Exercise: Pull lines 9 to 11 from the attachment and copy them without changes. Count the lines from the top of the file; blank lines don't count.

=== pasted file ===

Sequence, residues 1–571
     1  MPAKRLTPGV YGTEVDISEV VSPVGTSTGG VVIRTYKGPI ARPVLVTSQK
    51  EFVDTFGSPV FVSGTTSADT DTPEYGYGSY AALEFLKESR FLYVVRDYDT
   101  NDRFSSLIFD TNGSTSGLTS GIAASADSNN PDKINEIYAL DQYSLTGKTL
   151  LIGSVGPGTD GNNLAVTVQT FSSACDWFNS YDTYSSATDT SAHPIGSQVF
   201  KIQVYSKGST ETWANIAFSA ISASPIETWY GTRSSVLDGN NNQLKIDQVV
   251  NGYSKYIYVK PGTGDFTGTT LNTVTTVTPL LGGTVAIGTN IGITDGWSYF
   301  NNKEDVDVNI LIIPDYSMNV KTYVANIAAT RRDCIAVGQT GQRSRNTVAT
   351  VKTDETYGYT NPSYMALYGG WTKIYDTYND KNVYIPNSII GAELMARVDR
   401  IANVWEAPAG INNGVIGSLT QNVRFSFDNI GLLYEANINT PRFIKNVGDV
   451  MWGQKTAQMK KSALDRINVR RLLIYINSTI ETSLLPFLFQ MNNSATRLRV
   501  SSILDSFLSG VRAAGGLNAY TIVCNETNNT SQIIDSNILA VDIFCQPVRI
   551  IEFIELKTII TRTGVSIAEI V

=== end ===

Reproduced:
   351  VKTDETYGYT NPSYMALYGG WTKIYDTYND KNVYIPNSII GAELMARVDR
   401  IANVWEAPAG INNGVIGSLT QNVRFSFDNI GLLYEANINT PRFIKNVGDV
   451  MWGQKTAQMK KSALDRINVR RLLIYINSTI ETSLLPFLFQ MNNSATRLRV